He Said/She Said: Mom’s Side of the Story
Lockdown: How I Accidentally Locked My Baby in the Car
~By M. Deptula
My husband, 1-year-old daughter, and I were leaving Whole Foods recently after our weekly grocery store outing when all hell broke loose. It started innocently enough, when I realized on the way back to the car that we had forgotten to buy some bottled water. No sooner had I mentioned this oversight than my darling husband tossed me his keys and he sprinted back to the store. I was immediately annoyed: why did he automatically get the fun job of running back to the store while I got stuck buckling in the 13-month-old car-seat hater?
During this time, my sweet car seat–hating baby was keeping herself occupied by arching her back, screaming, and begging for my husband’s keys, which she could see me holding. To calm her down and save my eardrums, I relented and handed her the keys while I finished strapping her in. Finally, some silence and contentment. Or so I thought.
Once I had firmly strapped her in, I shut the back door on one side of the car and ran around to the other side to hang out with her until Daddy returned. Big mistake. By the time I reached the other door, it was locked. I tested the driver-side door. Locked. Then the door I had just exited. Locked. Then the trunk. Also locked. Holy shit, I had just locked my one-year-old baby in the car!
At this point, I was wildly dancing around my car in a total state of panic. My brilliant child had clearly pressed the “lock” button and was now stuck inside the car, the car that would – I was convinced – be lacking in oxygen within five short minutes. “What do I do?” was my first thought. My second? “My husband is going to kill me.”
As I stood there watching my baby girl playing happily with the keys, I plotted how to get back in. I was ready to break a window, but there were two things stopping me: 1) I had nothing to break a window with other than my not very strong arm and 2) I knew my darling husband would be really ticked off. Besides, he’d be here soon and would surely know what to do. Thankfully, my daughter seemed to be having the time of her life, playing peek-a-boo with her frantic mommy, who was still waving to her from the outside.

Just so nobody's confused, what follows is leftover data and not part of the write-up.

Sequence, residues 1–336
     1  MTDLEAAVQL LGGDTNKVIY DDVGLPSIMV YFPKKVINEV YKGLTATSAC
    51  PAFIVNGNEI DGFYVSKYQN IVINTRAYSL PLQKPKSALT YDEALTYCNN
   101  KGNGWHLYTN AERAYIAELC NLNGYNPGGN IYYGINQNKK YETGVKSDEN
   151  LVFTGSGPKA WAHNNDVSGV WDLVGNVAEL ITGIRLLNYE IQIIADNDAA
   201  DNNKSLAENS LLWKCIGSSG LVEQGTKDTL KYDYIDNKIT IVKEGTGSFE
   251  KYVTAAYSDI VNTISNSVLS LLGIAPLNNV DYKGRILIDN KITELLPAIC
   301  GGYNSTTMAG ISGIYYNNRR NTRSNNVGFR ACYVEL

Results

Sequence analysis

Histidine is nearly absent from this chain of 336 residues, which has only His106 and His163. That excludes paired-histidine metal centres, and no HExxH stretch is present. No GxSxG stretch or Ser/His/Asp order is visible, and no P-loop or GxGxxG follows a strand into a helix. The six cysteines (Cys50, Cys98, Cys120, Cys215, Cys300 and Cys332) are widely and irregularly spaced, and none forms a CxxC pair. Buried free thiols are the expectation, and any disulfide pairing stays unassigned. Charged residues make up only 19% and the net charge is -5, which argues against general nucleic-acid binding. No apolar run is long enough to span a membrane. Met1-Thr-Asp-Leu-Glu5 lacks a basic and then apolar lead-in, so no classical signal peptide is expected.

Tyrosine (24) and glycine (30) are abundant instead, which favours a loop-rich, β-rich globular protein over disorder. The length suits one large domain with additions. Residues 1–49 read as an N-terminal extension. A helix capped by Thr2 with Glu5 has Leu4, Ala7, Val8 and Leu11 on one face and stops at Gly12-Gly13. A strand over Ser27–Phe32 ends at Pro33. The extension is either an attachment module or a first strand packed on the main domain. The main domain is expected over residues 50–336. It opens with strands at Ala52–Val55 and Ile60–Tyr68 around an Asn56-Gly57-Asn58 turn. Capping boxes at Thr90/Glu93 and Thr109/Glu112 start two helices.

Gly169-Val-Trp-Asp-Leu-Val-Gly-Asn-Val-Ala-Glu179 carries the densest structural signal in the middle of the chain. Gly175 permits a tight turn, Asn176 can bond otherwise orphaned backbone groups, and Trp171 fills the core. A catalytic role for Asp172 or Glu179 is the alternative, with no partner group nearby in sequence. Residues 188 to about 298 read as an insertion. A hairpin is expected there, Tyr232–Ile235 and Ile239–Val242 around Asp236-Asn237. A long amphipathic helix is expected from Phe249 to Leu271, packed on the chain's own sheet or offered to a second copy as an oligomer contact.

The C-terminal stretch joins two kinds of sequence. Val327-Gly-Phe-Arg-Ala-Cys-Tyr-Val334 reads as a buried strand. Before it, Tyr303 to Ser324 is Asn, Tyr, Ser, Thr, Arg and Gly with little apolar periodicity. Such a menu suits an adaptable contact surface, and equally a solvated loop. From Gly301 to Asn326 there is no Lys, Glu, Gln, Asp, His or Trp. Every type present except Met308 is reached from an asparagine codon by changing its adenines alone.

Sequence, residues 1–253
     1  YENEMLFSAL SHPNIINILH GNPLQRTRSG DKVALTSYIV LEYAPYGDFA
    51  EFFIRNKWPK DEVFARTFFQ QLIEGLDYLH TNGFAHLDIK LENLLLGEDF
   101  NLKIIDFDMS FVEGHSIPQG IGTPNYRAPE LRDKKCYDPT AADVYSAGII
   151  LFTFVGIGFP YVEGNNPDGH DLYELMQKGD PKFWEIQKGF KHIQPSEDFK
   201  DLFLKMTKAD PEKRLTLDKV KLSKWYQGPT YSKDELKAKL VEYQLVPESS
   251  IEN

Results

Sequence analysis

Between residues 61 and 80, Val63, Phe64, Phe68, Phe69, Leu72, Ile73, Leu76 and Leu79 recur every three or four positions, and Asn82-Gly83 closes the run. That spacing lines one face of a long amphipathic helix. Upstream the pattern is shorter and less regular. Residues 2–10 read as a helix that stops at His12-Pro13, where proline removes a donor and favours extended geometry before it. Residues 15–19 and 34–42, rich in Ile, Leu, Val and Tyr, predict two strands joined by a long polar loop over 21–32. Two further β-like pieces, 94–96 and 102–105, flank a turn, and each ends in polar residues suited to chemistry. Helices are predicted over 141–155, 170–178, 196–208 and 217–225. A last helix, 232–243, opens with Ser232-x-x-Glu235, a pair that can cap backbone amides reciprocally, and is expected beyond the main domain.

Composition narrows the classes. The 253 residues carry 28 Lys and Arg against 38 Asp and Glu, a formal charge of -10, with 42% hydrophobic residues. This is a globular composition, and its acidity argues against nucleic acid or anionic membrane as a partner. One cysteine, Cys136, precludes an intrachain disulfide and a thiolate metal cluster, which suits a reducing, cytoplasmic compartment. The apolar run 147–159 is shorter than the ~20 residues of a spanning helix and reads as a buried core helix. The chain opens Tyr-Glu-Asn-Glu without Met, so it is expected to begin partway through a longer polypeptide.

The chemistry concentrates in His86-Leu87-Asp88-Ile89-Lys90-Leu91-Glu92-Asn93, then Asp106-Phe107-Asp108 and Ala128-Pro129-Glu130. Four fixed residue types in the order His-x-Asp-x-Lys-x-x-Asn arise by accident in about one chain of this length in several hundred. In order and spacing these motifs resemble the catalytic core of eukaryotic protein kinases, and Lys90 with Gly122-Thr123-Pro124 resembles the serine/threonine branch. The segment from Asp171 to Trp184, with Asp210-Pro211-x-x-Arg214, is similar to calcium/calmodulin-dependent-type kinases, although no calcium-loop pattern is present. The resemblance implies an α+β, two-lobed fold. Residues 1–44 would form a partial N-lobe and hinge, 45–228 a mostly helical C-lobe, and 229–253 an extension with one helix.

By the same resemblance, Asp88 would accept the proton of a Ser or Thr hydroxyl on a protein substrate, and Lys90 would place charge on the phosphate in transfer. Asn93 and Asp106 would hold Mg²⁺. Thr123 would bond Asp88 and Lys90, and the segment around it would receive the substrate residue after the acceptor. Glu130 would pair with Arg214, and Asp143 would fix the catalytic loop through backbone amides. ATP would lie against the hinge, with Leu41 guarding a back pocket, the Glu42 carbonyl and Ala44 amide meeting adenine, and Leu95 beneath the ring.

At long last my darling husband returned to the car and I explained the terrible situation. His response, far from the supportive “Poor you, it’s OK” I was still secretly hoping for was instead an angry and accusatory “How did this happen?” ARGH! I left him to stare at baby girl and this time I ran back into Whole Foods. The customer service guy called security. When I got back outside, darling husband had decided to hop in a cab home to get our second set of keys while I would stay to deal with security and try to get a locksmith.
I have to admit that I felt like a huge loser standing outside my car in the parking lot flanked by two security guards. Unwilling to admit defeat, though, I tried hopping up and down trying to entice my baby girl to press the unlock button on the key chain. My plan might have even worked had she not dropped the keys a few minutes later and started crying. Sweat began pouring down my body as I watched her face get redder and redder as she fussed.
I kept futilely trying the handle until a rather shady-looking guy approached us and offered help. Not making direct eye contact, he muttered, “Excuse me, um, I can get into your car with a tree branch. Would you like me to?” I’m not sure I made any verbal response, but my wide eyes and tear-stained cheeks sent him out on a frantic search for foliage.
The next 2, 5, or 15 minutes (time was a blur) were the longest of my life. I stood crying, watching my baby cry, and thinking – more like screaming – to myself, “Babies die like this!” The security guard took pity on me, patting me on the back and repeating, “She’s fine. If we need to, we’ll break a window.” (Apparently his arms were stronger than mine.) He even shared the story of his wife dropping his daughter off the bed years ago and assured me that one day this would all be funny. Very funny.
At long last, I heard a beep, tried the handle, and the car door opened. My husband’s taxi soon rounded the corner and he jumped out. I went straight to my sweet little baby, who was red, covered in sweat, and so very sad. As I turned to see her dad valiantly leaping up the staircase, the sketchy man followed him with a scraggly and now unneeded tree branch, while the locksmith trailed uselessly behind. I’m told that my babygirl, who is now completely fine, won’t remember what happened. As for her mom? Well that’s an entirely different story.
Wonder what Dad was thinking the whole time? Find out here!